I couldn’t apologize or tell my son what a shitty mess I thought we were in at that time, for responsibility was an emotion I didn’t allow myself to feel. As I watched grief and guilt suck life out of the survivors, I swaddled my soul with my belief that it was all God’s will.
Then I picked up an oar and kept paddling frantically through a foreclosure, bankruptcy, and multiple moves.
I became a portrait of endurance when I should have been taking charge of my soul. And as I kept coping, I gave the survivors a go-along, get-along, and suck-it-up role model. Not a great gift to give people who had to adapt to plenty of heartaches in addition to the loss of a brother.
Not drinking green smoothies
I may never do some things that could help me age better such as drink green smoothies or give up Diet Coke. Then again, I might do those things. Someday.
In the meantime, the issue that will be the greatest hindrance to my aging well will be a continued failure to confront the patterns in my life that were so darn flawed. If I keep acting like the person I believe I need to be, I have little hope of becoming the person I want to be.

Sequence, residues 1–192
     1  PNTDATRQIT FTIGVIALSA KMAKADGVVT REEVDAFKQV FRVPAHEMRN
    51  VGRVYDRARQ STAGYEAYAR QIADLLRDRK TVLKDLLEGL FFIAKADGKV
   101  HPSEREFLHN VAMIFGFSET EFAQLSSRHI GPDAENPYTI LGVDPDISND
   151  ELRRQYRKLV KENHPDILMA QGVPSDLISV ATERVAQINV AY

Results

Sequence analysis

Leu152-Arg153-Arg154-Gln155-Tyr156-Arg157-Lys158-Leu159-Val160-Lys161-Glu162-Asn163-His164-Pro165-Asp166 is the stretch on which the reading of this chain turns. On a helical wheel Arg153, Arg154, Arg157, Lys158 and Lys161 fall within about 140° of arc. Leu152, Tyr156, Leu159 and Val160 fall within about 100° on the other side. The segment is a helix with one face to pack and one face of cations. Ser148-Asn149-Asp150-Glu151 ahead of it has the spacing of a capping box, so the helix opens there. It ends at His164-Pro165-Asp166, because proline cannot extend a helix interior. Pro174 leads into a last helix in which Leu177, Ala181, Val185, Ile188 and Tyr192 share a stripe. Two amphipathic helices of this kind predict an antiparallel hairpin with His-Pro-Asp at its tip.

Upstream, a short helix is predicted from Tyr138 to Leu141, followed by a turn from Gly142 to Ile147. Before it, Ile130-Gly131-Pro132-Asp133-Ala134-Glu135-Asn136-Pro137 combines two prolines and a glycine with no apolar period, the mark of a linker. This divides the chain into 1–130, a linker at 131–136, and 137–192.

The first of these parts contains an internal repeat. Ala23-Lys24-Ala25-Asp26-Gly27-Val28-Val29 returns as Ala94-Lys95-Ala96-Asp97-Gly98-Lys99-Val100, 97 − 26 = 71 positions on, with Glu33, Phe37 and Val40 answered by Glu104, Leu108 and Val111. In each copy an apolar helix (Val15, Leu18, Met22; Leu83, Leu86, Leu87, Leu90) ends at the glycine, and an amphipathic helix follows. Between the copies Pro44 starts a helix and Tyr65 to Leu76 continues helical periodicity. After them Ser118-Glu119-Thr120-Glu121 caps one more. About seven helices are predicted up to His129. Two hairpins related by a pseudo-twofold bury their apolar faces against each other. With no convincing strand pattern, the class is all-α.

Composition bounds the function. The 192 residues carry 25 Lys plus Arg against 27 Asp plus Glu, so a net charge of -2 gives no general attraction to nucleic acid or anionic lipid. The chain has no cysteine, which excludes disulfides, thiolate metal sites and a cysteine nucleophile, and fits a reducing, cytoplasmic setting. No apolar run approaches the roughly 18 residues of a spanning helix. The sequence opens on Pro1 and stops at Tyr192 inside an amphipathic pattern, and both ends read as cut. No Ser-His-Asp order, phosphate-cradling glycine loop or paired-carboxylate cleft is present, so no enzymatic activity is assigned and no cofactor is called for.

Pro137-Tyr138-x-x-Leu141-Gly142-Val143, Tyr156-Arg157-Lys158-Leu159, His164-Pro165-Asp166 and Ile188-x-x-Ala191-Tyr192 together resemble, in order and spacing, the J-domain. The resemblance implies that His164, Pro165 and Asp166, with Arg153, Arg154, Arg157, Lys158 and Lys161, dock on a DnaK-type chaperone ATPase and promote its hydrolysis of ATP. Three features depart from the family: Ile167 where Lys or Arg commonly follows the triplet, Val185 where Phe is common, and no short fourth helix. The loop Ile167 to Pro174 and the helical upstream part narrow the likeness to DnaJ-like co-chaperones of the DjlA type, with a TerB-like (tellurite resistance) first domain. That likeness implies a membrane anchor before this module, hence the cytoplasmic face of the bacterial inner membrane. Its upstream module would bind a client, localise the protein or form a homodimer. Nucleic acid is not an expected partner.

Whoever she may be.
I’m ready to dig in and air out history. I’ve been drinking a strange elixir brewed with both acceptance and avoidance for nearly a lifetime, and it hasn’t soothed my soul. Kahlil Gibran wrote, “The deeper that sorrow carves into your being, the more joy you can contain.” In the few years since I received an assignment to write about heartache, I have allowed sorrow to chisel deeper into the hardpan that protects my heart. But, more caked sludge remains to be hacked and hauled away from my life.
My family knows the bones of the story, and they live with the consequences. But I need to own a public voice and tell the story of how I came to sit in a mortuary talking to a son who would no longer hike with me. I need to route out grief, confront shame, and make more room for joy.
It is about time I take some risks.
As I look back on the pictures of the day, I am amused about one thing. The person with a visible spot on her blouse was wise enough to know that nobody cared. She blithely winged it through the symposium and made the awardees feel important while she dropped sound bites about being smart on crime.
She acted like the confident, unapologetic person I long to be. I’ll never have her skills or her panache. But if I can discover and use my voice, it would be good enough for me.
I’m 75, and I’m finally on it!